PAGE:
Sundance 2017 Dispatch 4: It's a wrap
All good things come to an end eventually. The 2017 Sundance Film Festival is far from over: the awards ceremony is tomorrow and screenings will continue through the day after. But it’s over for me and for many other writers, critics and journalists, who one by one said goodbye to the snowy grounds of Park City mostly on Thursday and Friday. In its final weekend, the festival is left mostly to locals, the hardcore holdouts or those individuals (smart ones, as I think of them) who drop in for the second week of the festival to see the pre-vetted films that are generating buzz.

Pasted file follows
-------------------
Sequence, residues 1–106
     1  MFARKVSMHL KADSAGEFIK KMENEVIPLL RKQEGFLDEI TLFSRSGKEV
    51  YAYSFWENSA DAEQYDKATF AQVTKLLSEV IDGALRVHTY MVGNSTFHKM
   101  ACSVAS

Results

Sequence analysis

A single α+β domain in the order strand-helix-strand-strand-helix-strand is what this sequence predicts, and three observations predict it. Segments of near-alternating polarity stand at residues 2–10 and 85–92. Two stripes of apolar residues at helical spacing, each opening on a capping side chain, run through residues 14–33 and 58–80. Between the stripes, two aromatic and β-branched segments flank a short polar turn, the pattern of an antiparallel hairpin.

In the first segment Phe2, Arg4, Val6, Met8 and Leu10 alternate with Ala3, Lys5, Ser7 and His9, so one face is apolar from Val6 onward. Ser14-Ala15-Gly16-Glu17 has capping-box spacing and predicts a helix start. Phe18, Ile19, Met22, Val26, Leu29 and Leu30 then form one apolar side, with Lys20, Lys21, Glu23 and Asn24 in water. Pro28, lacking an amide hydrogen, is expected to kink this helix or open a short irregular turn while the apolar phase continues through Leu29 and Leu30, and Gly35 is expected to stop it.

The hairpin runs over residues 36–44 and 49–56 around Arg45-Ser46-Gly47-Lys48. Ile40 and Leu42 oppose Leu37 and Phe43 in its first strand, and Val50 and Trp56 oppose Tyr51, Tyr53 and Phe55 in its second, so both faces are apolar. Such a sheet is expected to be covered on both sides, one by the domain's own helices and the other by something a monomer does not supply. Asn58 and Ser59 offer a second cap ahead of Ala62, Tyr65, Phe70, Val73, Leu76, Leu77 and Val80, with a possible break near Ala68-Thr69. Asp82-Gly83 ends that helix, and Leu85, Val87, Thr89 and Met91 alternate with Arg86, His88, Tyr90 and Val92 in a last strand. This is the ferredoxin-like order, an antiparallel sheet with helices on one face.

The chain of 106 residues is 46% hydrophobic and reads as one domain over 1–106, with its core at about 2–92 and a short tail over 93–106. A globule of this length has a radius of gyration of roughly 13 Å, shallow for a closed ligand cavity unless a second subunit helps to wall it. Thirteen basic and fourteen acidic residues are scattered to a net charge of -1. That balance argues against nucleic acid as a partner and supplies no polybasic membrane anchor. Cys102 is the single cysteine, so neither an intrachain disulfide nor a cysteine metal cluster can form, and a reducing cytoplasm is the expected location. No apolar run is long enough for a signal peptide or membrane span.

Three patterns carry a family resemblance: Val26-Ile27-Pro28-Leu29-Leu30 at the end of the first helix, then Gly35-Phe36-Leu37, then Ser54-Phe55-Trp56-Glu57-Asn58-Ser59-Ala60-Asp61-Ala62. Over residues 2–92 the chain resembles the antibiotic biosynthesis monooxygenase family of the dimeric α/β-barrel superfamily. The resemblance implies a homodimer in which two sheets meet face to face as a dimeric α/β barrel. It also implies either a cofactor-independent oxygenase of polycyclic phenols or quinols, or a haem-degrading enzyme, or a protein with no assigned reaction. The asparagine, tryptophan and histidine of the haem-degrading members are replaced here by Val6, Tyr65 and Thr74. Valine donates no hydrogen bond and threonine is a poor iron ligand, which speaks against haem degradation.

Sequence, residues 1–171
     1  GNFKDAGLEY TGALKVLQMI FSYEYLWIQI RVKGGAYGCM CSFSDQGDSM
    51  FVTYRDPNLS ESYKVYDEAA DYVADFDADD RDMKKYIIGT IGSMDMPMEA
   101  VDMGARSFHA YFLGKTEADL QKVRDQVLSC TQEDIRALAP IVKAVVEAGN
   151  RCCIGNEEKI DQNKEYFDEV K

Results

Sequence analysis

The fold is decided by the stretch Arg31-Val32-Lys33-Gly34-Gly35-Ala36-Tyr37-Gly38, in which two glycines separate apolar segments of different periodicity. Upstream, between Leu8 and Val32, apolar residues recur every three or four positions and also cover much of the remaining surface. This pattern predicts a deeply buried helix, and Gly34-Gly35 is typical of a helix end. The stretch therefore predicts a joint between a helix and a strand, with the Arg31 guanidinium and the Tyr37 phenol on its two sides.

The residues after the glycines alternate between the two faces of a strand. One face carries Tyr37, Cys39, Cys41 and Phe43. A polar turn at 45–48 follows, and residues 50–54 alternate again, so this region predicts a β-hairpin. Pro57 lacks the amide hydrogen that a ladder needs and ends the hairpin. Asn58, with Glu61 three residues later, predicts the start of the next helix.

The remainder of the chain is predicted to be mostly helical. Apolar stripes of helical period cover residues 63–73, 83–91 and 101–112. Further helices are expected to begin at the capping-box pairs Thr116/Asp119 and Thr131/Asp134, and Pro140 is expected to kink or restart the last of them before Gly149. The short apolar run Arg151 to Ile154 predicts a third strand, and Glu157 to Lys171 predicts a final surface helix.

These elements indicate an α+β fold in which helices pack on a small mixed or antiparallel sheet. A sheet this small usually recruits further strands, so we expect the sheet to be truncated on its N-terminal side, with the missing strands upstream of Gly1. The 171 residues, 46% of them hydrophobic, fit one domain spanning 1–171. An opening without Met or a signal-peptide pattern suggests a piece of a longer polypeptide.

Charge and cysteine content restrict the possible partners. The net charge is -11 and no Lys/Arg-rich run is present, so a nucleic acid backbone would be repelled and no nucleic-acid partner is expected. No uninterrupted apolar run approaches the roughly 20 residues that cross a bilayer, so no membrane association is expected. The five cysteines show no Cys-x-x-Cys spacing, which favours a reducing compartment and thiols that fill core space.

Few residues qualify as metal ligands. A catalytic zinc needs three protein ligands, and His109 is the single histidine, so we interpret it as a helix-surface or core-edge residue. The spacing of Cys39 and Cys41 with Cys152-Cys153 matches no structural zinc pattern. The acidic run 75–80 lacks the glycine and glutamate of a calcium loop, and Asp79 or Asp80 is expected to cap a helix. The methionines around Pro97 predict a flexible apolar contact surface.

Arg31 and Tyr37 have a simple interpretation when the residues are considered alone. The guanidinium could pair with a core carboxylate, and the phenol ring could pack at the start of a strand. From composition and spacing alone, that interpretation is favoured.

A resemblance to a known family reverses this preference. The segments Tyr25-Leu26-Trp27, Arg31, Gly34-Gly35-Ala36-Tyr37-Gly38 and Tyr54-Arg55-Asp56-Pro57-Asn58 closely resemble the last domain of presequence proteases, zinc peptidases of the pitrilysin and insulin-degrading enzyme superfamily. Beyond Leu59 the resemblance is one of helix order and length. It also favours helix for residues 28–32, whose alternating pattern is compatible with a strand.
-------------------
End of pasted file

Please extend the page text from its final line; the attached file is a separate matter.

In my fifth year at the festival, I am noticing more and more that there is always an annual narrative about how it’s been an “underwhelming” Sundance. It never changes. This year, I couldn’t disagree more. The 2017 edition of Sundance was one for the books; one that was in touch with the current political and social turmoil, and not only through the "Women’s March on Main" that took place last Saturday. Its documentary programming included a trio of films looking at the Syrian political climate and refugee crisis (Last Men in Aleppo, City of Ghosts and the brutal Cries from Syria.) As I mentioned in my first dispatch, climate change was also a big topic in this year’s lineup. Additionally, from Mudbound to The Big Sick, many of the popular premiere titles in the lineup depicted timely themes such as racism and cross-cultural acceptance. Other than seeing an honest reflection of our times, the best you could hope for in a festival of this scale and scope is seeing a pair of masterful works (this year, they have been Luca Guadagnino’s Call Me by Your Name and Dee Rees’ Mudbound for me), discover a few directors who are making their debuts or whose work is new to you (Michelle Morgan with L. A. Times, Maggie Betts with Novitiate and Marti Noxon with To the Bone made strong impressions), be lucky enough to watch some off-the-beaten-path films that no one else seems to be talking about nearly as much as they should (Nana & Simon’s My Happy Family, Alex & Andrew Smith’s Walking Out and Joshua Z. Weinstein’s Menashe) and be in the room to witness the birth of a brand-new star (you will hear of Patti Cake$’ Danielle Macdonald, everyone.) Despite including a few unfortunate duds, I have to say the 2017 Sundance Film Festival has been a great success by all accounts.